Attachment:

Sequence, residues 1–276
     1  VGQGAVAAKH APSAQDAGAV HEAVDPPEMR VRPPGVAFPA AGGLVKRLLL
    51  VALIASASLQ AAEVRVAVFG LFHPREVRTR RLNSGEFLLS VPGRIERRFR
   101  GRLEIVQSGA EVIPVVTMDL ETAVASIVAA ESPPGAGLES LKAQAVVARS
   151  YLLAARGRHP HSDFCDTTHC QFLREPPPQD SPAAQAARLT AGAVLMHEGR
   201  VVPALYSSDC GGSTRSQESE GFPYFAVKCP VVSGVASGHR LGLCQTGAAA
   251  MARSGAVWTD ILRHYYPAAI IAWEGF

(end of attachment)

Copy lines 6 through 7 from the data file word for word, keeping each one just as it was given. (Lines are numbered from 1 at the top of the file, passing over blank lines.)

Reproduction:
   201  VVPALYSSDC GGSTRSQESE GFPYFAVKCP VVSGVASGHR LGLCQTGAAA
   251  MARSGAVWTD ILRHYYPAAI IAWEGF